Re: [DNSOP] abandoning ANAME and standardizing CNAME at apex

Mukund Sivaraman <> Sun, 16 September 2018 09:57 UTC

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Date: Sun, 16 Sep 2018 15:26:56 +0530
From: Mukund Sivaraman <>
To: Petr =?utf-8?B?xaBwYcSNZWs=?= <>
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Subject: Re: [DNSOP] abandoning ANAME and standardizing CNAME at apex
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Hi Petr

Apologies for the delayed reply.

On Tue, Jun 19, 2018 at 03:18:22PM +0200, Petr Špaček wrote:
> Hello dnsop,
> beware, material in this e-mail might cause your head to explode :-)
> This proposal is based on following observations:
> - It seems that DNS protocol police lost battle about CNAME at apex,
>   is is deployed on the Internet.
> - Major DNS resolvers like BIND, Unbound, PowerDNS Recursor, dnsmasq
>   already have code to cope with the "impossible" case of CNAME at the
>   apex and deal with it in ways which do not break stuff on resolver
>   side.
> - Authoritative servers of vendors named above refuse to serve CNAME at
>   apex.
> - There are CDNs etc. which allow users to create CNAME at apex
>   no matter what the standards and "normal" servers say and do.
> (We have found out this because Knot Resolver is missing hacks for CNAME
> at apex and users complain that "it works with every other resolver".)
> Take a deep breath!
> Given that resolver side somehow works already ...
> could we standardize this obvious violation of RFC 1035?
> It is very clear violation of the standard, but almost everyone found
> his way around it using different hacks. These hacks are not going away
> because all the CDNs just don't care about standards so we will have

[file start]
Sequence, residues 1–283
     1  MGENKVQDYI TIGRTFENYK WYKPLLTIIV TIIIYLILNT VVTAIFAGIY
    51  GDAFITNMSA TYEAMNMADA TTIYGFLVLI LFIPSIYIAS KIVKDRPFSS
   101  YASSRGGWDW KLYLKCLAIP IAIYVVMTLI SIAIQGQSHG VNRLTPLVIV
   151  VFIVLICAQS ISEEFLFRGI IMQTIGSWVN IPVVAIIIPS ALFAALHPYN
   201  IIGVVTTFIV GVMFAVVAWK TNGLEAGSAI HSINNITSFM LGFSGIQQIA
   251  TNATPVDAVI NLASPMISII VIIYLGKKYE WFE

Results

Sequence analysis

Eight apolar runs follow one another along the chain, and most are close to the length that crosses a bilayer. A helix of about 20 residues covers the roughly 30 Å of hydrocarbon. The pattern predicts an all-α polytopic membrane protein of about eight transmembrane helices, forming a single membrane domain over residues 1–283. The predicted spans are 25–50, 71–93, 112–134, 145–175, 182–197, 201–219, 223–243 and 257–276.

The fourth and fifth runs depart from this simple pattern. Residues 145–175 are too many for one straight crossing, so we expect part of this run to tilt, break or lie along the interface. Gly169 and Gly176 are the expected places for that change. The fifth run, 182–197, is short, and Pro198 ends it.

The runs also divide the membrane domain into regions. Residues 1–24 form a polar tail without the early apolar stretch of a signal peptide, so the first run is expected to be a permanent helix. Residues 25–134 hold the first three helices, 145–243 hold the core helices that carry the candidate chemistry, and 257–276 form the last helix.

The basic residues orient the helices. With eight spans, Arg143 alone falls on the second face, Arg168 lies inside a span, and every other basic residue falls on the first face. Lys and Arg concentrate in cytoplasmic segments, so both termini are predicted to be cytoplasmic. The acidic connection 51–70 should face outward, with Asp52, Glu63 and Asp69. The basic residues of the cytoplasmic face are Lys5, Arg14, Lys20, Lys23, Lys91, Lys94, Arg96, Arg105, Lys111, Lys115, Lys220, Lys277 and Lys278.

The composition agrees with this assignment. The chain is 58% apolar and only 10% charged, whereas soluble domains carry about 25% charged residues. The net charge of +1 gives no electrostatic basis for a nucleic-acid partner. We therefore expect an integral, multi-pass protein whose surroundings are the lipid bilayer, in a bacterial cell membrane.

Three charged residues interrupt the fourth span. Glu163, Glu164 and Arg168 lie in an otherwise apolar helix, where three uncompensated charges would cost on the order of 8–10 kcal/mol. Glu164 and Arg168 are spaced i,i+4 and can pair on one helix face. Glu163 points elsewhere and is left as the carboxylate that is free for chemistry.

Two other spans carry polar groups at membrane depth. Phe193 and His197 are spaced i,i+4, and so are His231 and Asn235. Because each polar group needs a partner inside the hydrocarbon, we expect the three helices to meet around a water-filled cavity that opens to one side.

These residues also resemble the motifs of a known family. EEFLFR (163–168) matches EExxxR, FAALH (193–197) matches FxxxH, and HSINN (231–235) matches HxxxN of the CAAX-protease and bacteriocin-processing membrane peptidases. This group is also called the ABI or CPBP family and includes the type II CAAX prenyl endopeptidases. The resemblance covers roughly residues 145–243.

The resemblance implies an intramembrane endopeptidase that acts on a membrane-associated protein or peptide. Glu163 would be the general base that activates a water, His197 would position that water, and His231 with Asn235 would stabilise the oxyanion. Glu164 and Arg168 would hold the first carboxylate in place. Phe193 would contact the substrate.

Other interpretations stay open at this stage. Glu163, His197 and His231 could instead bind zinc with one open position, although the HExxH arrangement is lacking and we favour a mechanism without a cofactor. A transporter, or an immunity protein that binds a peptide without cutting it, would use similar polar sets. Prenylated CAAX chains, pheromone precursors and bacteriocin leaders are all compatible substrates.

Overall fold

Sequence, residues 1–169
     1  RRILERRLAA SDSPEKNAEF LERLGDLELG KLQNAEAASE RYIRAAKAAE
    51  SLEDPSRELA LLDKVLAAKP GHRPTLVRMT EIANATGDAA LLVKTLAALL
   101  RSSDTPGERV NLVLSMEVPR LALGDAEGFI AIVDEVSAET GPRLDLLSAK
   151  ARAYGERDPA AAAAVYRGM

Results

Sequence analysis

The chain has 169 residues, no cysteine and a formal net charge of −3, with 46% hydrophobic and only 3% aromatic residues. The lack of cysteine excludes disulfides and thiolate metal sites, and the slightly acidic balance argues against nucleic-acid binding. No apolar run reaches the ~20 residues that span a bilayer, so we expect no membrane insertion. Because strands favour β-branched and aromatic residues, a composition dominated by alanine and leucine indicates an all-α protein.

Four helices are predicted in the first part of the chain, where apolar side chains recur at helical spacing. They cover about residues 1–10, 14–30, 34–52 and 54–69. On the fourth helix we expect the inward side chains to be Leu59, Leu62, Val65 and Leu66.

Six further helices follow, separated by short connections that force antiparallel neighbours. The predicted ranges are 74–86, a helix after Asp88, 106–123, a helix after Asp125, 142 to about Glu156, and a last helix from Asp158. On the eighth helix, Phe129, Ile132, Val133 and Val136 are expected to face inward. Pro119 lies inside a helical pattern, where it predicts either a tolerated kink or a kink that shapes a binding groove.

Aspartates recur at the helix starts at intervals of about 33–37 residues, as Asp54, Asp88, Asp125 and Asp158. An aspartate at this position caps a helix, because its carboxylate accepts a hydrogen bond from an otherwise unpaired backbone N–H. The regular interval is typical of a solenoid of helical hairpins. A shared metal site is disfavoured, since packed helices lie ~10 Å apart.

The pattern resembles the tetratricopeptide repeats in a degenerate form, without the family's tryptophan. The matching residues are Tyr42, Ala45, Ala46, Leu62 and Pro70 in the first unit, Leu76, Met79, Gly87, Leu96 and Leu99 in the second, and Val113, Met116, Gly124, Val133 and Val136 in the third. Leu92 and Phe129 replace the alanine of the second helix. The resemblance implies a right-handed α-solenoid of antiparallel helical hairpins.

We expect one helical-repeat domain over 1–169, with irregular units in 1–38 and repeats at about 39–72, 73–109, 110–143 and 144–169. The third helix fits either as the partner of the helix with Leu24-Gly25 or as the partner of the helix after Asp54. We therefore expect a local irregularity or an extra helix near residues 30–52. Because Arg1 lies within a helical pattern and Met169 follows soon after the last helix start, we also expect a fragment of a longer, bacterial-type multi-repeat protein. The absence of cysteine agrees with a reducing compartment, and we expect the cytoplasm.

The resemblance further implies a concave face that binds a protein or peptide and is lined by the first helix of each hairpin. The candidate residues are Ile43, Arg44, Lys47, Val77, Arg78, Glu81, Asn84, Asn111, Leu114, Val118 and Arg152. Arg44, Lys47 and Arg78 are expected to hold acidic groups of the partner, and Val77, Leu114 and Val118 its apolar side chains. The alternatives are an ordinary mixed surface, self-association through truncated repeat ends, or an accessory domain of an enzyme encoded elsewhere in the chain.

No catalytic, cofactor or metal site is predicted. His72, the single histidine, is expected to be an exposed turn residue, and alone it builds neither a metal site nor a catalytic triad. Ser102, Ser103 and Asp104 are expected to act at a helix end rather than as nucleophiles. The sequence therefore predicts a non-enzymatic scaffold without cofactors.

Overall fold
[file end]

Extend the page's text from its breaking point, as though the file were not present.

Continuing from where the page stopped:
> to maintain this code no matter what a great solution we will invent for
> future. I.e. adding ANAME will just increase complexity because CNAME at
> apex will be there for a long time (if not forever).
> I personally do not like this but it seems better to think though
> corner cases in code we already have in production (i.e. think through
> current hacks for CNAME at apex) instead of inventing new things like ANAME
> (or whatever else).
> Opinions? Tomatoes? Can it work? If not, why not?

To me it seems it can work, and it sounds like a good idea. To relax DNS
protocol for CNAME to co-exist with other RR types, we'd need resolver
support, authoritive support and a time when it is practially usable.


Adding resolver support (to resolvers that don't have it, i.e., vs. RFC
1035) does not appear to break current DNS, i.e., it can be proposed

1. When a resolver looks up a RR type in cache, and finds any positive
type match, it serves it.

2. If it does not find a positive type match, but finds a CNAME, it
looks for a negative cache entry for that RR type.

2.a. If a negative cache entry is found (or if it can synthesize one),
it returns/follows the CNAME chain.

2.b. If no negative cache entry is found (and it cannot synthesize one),
it starts a fetch for that type from upstream.

2.b.i. If the fetch returns a CNAME or NODATA, it means that the type
does not co-exist with CNAME in that node in the auth zone. The resolver
adds a negative cache entry for the type for the TTL of the returned
CNAME (or from SOA fields) to the cache, and returns/follows the CNAME

2.b.ii. If the fetch returns the type, it means that the type may
co-exist with the CNAME. The resolver adds a positive cache entry for
the type and returns the fetched answer.

2.b.iii. If the fetch returns NXDOMAIN, it overwrites the cache for that
node with a negative cache entry.


Adding authoriative support would mean relaxing checks and allowing
CNAME to co-exist with other types except non-apex NS (parent of zone
cut), and perhaps allow CNAME and DNAME to co-exist too.

For operators to be able to use it, they would need resolver support to
be available everywhere. I guess nothing stops a draft requiring
resolvers to implement support for it now.

So +1.